Gov. Ralph Northam, D-Va., signed a bipartisan bill improving management of Atlantic menhaden, a small fish that many large species rely on for food, following vocal support from recreational anglers.
The legislation transfers management authority of Atlantic menhaden — oily baitfish that feeds sportfish like striped bass — to the Virginia Marine Resources Commission, the entity that oversees other saltwater fisheries in the state.
As the forage fish gain attention as being critical to the food supply, Canada-based Omega Proteins has come under fire for violating the regional fishery management plan.
Now that the bill has been signed into law, the legislation puts Virginia on a path toward compliance with the regional fishery management plan that Omega Protein violated last year, according to the American Sportfishing Association.
“Thanks to the signature of Gov. Northam, menhaden will now be managed by fisheries experts at the Virginia Marine Resources Commission,” said Mike Leonard, vice president of government affairs for the American Sportfishing Association, in a statement.
“Adequate menhaden populations are key to striped bass and other sportfish that support Virginia’s $583,806,000 saltwater recreational fishing economy,” said Leonard. “This important shift in management authority will help ensure a future of science-based management of menhaden that accounts for their important role in the ecosystem.”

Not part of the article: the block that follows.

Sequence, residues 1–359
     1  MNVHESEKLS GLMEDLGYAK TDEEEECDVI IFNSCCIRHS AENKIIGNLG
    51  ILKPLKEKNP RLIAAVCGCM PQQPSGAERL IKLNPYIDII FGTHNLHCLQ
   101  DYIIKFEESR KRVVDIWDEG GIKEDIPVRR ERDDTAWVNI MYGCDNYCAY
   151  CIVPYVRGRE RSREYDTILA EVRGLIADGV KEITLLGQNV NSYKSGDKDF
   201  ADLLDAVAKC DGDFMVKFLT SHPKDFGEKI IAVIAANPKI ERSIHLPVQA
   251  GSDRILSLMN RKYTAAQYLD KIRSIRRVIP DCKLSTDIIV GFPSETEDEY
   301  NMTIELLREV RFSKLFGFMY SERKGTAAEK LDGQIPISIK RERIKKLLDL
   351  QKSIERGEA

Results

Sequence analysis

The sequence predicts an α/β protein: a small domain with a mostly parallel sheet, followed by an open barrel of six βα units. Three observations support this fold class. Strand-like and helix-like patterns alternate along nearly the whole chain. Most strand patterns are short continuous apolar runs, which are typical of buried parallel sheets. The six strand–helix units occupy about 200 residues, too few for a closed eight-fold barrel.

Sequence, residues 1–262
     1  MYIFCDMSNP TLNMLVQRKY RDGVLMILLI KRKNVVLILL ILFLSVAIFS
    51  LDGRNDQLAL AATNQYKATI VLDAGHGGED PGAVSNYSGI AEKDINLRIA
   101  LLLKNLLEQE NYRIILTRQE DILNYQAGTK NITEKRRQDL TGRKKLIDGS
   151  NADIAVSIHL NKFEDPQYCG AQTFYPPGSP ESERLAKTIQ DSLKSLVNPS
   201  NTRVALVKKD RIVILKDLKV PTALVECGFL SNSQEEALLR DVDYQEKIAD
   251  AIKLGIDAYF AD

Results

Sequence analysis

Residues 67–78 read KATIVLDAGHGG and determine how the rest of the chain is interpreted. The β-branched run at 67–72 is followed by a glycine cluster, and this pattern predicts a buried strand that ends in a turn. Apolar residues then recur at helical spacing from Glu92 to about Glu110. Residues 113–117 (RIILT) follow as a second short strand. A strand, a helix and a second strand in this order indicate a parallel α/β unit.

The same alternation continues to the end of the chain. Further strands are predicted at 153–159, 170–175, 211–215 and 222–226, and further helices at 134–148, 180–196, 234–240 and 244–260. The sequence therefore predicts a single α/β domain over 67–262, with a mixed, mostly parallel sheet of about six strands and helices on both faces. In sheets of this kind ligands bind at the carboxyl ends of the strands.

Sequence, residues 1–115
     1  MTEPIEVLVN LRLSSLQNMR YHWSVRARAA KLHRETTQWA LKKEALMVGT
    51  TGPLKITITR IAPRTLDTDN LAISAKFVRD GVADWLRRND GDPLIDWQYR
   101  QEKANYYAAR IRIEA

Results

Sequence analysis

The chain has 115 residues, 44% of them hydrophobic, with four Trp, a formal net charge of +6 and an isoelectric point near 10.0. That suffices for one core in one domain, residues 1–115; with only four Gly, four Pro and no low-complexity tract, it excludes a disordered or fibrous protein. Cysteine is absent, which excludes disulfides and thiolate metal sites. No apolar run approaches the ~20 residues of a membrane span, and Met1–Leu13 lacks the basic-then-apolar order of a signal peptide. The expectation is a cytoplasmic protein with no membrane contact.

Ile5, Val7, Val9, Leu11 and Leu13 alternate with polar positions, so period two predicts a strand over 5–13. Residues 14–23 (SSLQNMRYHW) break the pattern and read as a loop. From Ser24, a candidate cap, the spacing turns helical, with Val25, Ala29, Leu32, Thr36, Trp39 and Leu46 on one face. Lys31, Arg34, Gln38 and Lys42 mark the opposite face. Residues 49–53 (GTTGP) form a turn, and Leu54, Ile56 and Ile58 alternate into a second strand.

In October, the Atlantic States Marine Fisheries Commission menhaden management board unanimously voted to find Virginia’s menhaden reduction fishery out of compliance with the regional fishery management plan. Omega Protein made a commitment to comply with the catch limit of 51,000 metric tons but announced it would exceed that cap last fall.
The Atlantic States Marine Fisheries Commission later found that Omega Protein had exceeded the Chesapeake Bay reduction fishing cap by 35 million pounds, a ruling upheld by U.S. Secretary of Commerce Wilbur Ross.
Many sportfishing enthusiasts blame menhaden reduction fisheries, in part, for drops in once-abundant species. Omega Protein argues that overfishing has led to declines of striped bass and other populations that feed on menhaden.